April 04, 2006

Exit Glacier and Glorified Vultures

Today I got to see just how far Exit Glacier has moved in the past couple months. I haven't been out there since November, but my boss asked if I wanted to come along with him to take measurements for our new visitor center desk. Of course I said ok, despite having four weeks worth of work I need to get done in the next ten days.

So we hopped on the park's snowmachines and buzzed out there. And I mean buzz in the slow, ponderous bumble-bee type of buzz sort of way, not the fast, zippy dragonfly way. In fact, if you check out the spedometer in the picture you'll see that it is reading a big fat zero. That's because the machine went so damn slow that it realized measuring our speed in miles per hour was rather pointless, so it never bothered to actually move the needle. I was actually moving, however, when I took the picture.

Once we got to the glacier things went a bit more smoothly. It was actually enjoyable to go slowly because there were cool ermine and moose tracks everywhere to look at. The thing I was most interested in finding out was how much the glacier had moved forward during the winter. Last time I saw it there was a sign sitting in front of that big pile of dirt. Well, as you can see now, there's no sign. The ice has completely buried it. If you look closely, you'll be able to see a similar sign on the left side of the image. Well, if you were to draw a line to the right from that sign for about twenty or thirty feet you'd find the location of the other sign. That is, if there wasn't several thousand tons of ice on top of it.

And if you missed it last night, The Daily Show aired a segment on a recent law passed in Homer, Alaska, making it illegal to feed Bald Eagles. Keep checking that site and sooner or later they'll have the segment on there for download.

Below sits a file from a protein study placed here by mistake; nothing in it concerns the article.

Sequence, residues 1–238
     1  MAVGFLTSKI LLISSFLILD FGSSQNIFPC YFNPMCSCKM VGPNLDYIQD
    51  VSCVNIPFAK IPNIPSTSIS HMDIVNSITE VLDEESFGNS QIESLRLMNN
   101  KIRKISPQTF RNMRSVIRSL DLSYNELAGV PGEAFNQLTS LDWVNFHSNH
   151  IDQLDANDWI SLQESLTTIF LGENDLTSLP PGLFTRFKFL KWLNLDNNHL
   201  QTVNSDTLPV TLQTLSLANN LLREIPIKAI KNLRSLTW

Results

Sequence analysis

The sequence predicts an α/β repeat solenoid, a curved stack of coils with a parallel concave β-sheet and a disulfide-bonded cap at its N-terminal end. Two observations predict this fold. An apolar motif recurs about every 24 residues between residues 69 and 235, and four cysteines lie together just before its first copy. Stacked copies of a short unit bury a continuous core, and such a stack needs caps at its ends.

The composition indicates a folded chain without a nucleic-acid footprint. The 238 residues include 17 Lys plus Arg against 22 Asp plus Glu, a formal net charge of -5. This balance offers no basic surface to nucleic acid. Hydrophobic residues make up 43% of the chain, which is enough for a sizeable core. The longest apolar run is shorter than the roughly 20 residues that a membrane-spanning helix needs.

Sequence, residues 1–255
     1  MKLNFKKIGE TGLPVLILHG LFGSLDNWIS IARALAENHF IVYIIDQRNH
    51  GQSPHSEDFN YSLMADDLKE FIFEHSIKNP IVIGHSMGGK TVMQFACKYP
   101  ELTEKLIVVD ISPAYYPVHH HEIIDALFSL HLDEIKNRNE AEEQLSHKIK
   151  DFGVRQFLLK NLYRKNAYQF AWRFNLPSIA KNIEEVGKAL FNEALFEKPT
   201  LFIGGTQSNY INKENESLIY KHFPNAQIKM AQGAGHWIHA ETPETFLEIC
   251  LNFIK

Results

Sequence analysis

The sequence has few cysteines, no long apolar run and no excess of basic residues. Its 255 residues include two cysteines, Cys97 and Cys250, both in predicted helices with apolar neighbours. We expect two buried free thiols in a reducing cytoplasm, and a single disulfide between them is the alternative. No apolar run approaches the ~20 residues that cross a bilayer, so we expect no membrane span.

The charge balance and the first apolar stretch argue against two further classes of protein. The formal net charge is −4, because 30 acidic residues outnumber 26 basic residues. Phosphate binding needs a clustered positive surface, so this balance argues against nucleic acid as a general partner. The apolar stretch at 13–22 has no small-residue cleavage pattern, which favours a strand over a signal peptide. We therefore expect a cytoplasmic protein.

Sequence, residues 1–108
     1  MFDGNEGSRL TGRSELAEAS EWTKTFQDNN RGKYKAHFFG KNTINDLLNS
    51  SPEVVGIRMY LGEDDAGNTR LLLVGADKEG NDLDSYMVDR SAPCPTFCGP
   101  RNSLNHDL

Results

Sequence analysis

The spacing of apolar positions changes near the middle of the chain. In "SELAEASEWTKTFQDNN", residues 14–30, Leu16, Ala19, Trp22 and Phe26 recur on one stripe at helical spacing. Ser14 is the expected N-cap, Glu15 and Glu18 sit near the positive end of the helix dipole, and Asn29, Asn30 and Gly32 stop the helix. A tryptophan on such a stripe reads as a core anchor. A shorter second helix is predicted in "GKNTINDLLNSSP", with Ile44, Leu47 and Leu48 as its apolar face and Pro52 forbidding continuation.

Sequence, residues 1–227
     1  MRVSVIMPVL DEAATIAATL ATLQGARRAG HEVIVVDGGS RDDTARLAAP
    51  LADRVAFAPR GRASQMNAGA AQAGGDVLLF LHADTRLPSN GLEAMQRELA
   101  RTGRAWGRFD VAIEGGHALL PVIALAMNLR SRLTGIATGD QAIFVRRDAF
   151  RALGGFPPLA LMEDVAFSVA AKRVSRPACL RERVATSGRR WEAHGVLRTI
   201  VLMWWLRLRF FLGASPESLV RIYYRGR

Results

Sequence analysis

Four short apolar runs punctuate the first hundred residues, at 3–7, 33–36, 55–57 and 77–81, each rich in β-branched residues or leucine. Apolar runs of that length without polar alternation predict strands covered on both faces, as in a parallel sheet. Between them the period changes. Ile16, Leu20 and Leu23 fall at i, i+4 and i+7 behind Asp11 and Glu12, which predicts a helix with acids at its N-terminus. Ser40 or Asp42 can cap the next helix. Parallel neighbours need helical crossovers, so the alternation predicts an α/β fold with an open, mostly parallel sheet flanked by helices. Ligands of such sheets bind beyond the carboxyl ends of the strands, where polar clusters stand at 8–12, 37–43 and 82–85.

Honestly, though, I don't see what the big issue is. Nothing good could ever come from encouraging hundreds of hungry, aggressive birds with large talons into a residential area. Not to mention all the dead eagles that will result from them perching on utility poles (FYI - don't click on that link if you don't want to see an electrocuted eagle).

What's the big deal with Bald Eagles, anyway? I mean, any bird is inherently cool, but what makes these so special? They're just glorified vultures, really.

Perhaps my aversion to Bald Eagles comes from seeing crap like this and this and this and this and this and this and this and, worst of all, this plastered on cars, t-shirts, hats, websites, windows, foreheads, and front yards for the last four and a half years.

Luckily, it seems that the nationalistic zealotry that infected every corner of this country for so long is beginning to wane, and people are actually starting to think for themselves once again. Novel idea, I know...but hopefully it will catch on.


sonja said...

I don't know, I kinda liked the bad-ass eagle giving us the finger. And the sensitive weeping eagle.

Anonymous said...

Paul, Sarah & I were looking @ the "HITS" map & wondering who all the people in Japan, Europe & South America were. Janine

P. Ollig said...

Most of those are people I paid to visit my site so I could have more dots than Chris.